My red Suzuki was safely strapped in the van waiting for new wheel bearings. Larry & I had a decision to make. Who would ride what and/or where? Riding double on Larry’s bike was my first choice. Further inspection had found that the rear wheel bearings on both our bikes had some “play” so two-up would not have been a great choice. My wonderful Sweetie, Larry, invited me to ride his bike and he would join Jeff & Anton, our Russian guide, in the van. Since neither an injured shoulder or a broken leg had kept me from missing a mile of riding during Sections 1-3 or now Section 5, I appreciated his offer.
We kissed good-bye and off I rode, on a BLUE bike. Ernst, Frajo, and Juergen welcomed me into their riding team. Ernst lead, I was tucked in behind him followed by Frajo. Juergen brought up the rear.
Jeff, Anton, and Larry were on a more serious mission – finding wheel bearings. The internet has revolutionized distant travel. Larry had gone on line and found out the metric dimensions of the needed bearings. Within hours of his finding the sizes, two other people had replied to Larry E-mail with the same information. Anton located a “bearing outlet store” in Saratov, right across the street from a bearing factory. They had the needed bearings to fix both our bikes. The guys bought the parts and set out on today’s route to Volgograd.
Days like this are when we are reminded of the value of an organized, supported, trip. I remember vividly what it’s like have a flat tire in The Yukon and try to convince a car repair shop, after they said that they didn’t work on motorcycles, to consider my Yamaha touring bike as a small car and fix the tire. They plugged my flat. On another trip, the stator when out on June’s Gold Wing. By swapping batteries between her bike and mine, which had the capability of charging her battery, we limped along 600 miles until we found a shop that could fix it. I broke two fingernails but we made it. One time when my Harley started blowing oil all over near the Georgia-Florida border, I convinced a man at a rest area to take his bike off his trailer, put my Harley on the trailer and tow my bike the 250 miles home. I offered to drive his truck so he could ride those miles on a perfect riding day. The man then said that his girlfriend didn’t want me to ride with her in the truck so he said I could ride his bike. Oh, darn!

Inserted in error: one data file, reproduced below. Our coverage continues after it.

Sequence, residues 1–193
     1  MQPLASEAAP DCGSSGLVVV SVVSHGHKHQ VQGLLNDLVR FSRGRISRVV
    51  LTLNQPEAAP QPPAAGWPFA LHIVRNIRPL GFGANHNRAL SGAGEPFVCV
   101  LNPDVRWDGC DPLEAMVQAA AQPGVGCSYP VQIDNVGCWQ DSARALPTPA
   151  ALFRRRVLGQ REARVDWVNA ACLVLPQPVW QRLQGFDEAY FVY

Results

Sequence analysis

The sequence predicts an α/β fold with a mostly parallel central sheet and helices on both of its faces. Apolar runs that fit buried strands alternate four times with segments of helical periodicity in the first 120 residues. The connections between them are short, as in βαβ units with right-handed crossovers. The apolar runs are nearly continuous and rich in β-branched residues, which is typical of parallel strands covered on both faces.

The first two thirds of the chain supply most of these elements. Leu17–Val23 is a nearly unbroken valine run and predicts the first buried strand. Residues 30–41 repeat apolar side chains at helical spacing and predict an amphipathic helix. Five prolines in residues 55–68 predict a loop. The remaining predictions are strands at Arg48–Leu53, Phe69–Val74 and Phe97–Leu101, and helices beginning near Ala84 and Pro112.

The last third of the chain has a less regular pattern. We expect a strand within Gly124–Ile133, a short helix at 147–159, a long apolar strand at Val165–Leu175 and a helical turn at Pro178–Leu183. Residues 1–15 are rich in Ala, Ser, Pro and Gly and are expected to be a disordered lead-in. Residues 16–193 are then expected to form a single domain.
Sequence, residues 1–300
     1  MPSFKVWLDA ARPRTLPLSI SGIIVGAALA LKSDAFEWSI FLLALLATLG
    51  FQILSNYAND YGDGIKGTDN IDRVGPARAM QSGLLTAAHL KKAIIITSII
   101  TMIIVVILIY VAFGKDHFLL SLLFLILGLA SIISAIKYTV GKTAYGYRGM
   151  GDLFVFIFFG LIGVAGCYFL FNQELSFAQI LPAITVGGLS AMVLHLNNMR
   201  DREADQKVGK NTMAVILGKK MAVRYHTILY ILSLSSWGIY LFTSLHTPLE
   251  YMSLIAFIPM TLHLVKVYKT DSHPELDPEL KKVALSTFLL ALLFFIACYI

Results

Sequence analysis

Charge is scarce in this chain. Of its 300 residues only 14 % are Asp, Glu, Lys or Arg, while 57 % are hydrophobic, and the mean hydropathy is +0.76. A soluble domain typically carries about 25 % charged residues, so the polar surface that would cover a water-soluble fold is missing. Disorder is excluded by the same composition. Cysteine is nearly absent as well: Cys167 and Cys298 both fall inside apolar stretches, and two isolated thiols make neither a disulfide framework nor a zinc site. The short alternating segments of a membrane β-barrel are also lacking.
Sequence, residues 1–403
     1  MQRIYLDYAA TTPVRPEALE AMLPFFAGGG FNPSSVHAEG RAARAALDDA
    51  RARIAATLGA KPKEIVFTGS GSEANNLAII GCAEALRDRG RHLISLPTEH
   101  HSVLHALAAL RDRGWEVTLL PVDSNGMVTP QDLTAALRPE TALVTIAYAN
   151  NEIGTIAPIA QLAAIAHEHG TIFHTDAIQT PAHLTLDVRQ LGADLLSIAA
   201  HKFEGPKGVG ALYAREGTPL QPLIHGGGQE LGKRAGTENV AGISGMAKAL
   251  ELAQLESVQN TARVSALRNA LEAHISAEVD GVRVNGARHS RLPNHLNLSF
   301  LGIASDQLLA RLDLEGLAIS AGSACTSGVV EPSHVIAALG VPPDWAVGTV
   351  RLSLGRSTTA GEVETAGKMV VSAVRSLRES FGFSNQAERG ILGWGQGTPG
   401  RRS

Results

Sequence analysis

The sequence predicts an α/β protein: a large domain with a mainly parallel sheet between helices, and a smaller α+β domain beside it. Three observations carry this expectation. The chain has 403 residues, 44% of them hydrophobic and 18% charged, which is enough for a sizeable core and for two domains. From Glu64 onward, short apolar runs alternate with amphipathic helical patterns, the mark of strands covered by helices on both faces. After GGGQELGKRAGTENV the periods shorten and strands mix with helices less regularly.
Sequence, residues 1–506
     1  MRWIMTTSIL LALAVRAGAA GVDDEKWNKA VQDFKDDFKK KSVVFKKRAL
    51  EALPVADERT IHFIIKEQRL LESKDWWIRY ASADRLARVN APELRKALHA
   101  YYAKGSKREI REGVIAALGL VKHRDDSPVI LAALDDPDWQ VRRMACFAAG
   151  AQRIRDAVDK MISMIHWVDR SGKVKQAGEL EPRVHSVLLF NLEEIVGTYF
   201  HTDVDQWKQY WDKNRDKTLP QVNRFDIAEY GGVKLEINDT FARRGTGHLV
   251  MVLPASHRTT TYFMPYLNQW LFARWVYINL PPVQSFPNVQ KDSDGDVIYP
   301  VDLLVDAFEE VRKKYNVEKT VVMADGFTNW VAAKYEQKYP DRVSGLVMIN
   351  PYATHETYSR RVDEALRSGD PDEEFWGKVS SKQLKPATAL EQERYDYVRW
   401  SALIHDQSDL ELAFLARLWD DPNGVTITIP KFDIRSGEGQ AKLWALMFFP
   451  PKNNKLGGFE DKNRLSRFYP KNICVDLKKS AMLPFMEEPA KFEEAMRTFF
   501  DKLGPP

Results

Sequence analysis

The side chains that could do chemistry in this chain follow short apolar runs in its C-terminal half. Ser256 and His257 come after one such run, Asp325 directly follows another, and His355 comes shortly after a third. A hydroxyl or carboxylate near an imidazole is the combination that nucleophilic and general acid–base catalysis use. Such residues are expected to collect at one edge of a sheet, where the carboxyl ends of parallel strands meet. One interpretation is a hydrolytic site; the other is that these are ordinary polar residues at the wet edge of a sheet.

These type incidents are not there to add stress on a Globebusters or Edelweiss trip. We can enjoy the ride, knowing that the van, and a talented mechanic, is 30-60 minutes behind us. When in countries where we do not know the language and/or the infrastructure for dealing with trouble, mechanical or health wise, is not there, Larry & I are big fans of organized, supported trips like the Discover Our Earth Expedition.
Not only had I experienced wobbly wheel bearings, our first pit stop today featured a wobbly outhouse. Lakes and occasional views of the Volga river added water features to the landscape’s variety pack.
Ernst treated us to watermelon so fresh, it had just been picked. While we were devouring the melon, the van caught up with us. It’s so nice knowing that as long as we stay on route, the van will always be behind us, ready to help when needed.
In the USA, we’re all familiar with “Best Western” hotels and motels. Did you know that there are also “Best Eastern?” The Hotel Volgograd is one of them. Around the corner, cold beer and veggie pizza, complete with corn, recharged our bodies’ batteries.
15 Jul Saratov to Volgograd Russia 235 miles
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